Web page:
Listen to the full podcast here or via the embedded player below, and be sure to subscribe, rate us and write a review!

10 years with 'Coach Q' anything but ordinary

10 years with 'Coach Q' anything but ordinary

Over the last 10 years, the words “ordinary” and "OK" have taken on a new meaning to Blackhawks players and fans alike. 

That’s “Coach Q” speak. 

A language where “ordinary” means awful and “just OK” means you were a non-factor. The good news is the last 10 seasons under Joel Quenneville have been anything but ordinary at the United Center. 

On Oct. 16th, 2008, the Blackhawks let go of fan-favorite Denis Savard after a 1-2-1 start to the season and named Quenneville as head coach in his place. Quenneville coached the Colorado Avalanche the previous season, but after another disappointing exit in the Stanley Cup Playoffs, the two mutually parted ways. He had originally planned to stay away from the bench for at least a season, but the Blackhawks triumvirate of Rocky Wirtz, John McDonough and then-GM Dale Tallon brought Quenneville on as a scout and then handed him the keys to the car shortly after.

“Dale’s obligation is to put together a winning team,” said McDonough at Quenneville’s introductory press conference. “At this point, Joel is the coach of that team.”

It was an emotional day at the Blackhawks offices. Savard – a Blackhawks legend on the ice and a coach the players held in high regard – was let go just as things started to turn upwards for the organization. The end of the 2007-2008 season saw the Blackhawks once again miss out on the playoffs, but the fans began to flock to the United Center once more, and the hype train around the young team built around Jonathan Toews and Patrick Kane was gaining steam.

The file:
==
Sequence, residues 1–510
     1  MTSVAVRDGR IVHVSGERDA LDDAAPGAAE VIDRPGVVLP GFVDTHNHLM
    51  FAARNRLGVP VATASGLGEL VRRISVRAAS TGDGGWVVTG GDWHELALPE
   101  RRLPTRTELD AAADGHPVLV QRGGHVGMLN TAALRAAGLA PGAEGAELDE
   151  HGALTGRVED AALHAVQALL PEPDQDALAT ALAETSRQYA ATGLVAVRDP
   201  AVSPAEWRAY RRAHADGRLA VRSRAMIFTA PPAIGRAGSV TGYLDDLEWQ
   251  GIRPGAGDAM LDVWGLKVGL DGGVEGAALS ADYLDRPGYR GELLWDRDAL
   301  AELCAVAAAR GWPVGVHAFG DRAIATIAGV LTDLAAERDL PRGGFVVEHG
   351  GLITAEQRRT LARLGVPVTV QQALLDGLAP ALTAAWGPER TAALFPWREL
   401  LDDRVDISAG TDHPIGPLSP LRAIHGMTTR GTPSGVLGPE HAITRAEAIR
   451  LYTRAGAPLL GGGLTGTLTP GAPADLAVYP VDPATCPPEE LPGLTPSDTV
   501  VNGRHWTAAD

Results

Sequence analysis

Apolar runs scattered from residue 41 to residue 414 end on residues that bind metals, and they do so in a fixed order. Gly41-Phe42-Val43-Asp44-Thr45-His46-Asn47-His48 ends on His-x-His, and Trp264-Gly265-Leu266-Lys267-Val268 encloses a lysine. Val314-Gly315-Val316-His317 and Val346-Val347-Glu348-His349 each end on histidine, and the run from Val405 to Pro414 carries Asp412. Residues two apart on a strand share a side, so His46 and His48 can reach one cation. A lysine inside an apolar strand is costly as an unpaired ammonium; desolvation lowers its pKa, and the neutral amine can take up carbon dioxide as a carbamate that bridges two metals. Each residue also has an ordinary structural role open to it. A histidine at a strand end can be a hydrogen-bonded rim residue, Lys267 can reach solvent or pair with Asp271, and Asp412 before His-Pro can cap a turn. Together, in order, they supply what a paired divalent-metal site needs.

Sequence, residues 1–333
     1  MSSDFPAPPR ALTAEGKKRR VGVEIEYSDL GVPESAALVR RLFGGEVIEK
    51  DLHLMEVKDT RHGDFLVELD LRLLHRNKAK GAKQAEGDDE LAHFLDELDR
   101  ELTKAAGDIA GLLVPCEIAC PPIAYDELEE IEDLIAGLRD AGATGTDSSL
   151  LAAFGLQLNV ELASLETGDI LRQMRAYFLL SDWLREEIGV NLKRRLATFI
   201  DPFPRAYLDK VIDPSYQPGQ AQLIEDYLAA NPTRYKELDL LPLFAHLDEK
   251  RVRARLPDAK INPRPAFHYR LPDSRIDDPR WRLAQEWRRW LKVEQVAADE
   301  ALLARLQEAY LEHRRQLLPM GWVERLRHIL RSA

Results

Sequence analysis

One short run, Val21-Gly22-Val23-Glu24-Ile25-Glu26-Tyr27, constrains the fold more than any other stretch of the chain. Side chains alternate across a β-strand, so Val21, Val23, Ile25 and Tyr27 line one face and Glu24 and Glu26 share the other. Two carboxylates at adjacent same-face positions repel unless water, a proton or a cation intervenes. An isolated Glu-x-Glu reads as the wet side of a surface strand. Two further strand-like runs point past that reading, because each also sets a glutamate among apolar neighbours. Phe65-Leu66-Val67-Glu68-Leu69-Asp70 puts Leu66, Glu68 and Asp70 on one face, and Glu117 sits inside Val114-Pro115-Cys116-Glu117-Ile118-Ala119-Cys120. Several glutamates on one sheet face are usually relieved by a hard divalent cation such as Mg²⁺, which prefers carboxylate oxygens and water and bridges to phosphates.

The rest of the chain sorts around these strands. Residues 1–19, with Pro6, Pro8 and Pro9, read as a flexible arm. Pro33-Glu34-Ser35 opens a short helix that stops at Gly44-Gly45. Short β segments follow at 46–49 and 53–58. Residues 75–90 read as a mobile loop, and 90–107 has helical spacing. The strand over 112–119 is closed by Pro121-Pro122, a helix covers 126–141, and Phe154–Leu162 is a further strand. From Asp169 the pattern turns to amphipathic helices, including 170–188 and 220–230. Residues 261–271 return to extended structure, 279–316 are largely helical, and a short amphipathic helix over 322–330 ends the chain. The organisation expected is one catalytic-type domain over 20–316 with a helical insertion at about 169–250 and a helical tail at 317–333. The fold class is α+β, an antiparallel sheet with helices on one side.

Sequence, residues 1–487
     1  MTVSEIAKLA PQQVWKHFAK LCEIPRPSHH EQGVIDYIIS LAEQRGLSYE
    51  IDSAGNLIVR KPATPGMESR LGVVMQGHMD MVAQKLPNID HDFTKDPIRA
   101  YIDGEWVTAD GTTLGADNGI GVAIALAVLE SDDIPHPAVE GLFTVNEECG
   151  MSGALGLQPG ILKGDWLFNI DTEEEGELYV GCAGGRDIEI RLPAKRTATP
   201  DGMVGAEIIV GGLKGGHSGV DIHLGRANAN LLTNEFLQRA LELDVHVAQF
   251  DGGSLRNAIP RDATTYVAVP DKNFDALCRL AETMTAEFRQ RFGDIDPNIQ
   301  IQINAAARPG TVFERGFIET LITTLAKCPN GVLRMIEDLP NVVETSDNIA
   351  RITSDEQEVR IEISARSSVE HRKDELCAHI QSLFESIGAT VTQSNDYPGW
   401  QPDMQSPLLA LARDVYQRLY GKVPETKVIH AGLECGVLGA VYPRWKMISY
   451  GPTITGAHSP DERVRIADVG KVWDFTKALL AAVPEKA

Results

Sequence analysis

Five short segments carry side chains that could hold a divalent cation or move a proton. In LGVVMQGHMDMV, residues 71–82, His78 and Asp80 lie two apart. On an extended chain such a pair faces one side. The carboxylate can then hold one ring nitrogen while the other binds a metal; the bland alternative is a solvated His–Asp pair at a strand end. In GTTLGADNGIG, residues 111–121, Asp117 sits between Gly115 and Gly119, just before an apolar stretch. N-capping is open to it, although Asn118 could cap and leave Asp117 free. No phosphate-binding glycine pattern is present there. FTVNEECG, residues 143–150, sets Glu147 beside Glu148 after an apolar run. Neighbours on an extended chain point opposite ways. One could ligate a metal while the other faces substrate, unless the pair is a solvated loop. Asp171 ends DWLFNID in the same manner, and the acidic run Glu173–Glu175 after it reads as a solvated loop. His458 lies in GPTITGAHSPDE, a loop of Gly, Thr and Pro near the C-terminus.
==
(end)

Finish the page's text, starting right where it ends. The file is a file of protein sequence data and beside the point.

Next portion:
“Moving forward, if we want to be a championship-caliber organization, we have to make tough decisions,” said Tallon. “This was the toughest decision I’ve ever had to make.” 

Savard was 65-66-16 in parts of three seasons as head coach of the Blackhawks. Meanwhile, Quenneville had compiled eight 95+ point seasons behind the bench for the Blues and Avalanche in his 11 years as a head coach.

“We felt the experience and the track record of Joel would be a balance that we needed with a young, inexperienced team,” said Tallon. "Joel brings us a wealth of experience and a winning track record that will have an immediate and lasting impact."

The gamble paid off for the Blackhawks in a major way. Once Quenneville took over, the team got to the sought-after next level. 

They finished the 08-09 season with 104 points, third-most in the NHL’s Western Conference, had a franchise-record setting 9-game win streak in the month of December and returned to the playoffs for the first time since the 2001-2002 season. The “young and inexperienced” Blackhawks took the league by storm, dropping the Calgary Flames in the first round of the playoffs in six games before taking down the rival Canucks in the next round.

They ultimately lost out to the Detroit Red Wings in the Western Conference Finals, but the bar was now set for the organization. From then on, the Blackhawks were Stanley Cup contenders. 

Quenneville currently ranks 2nd in franchise history with 449 wins, trailing only Billy Reay’s 516. 

But most importantly, Quenneville’s 76 playoff wins rank at the top in the organization’s long and storied history, and those three Stanley Cups that he’s raised over his head were anything but “ordinary.”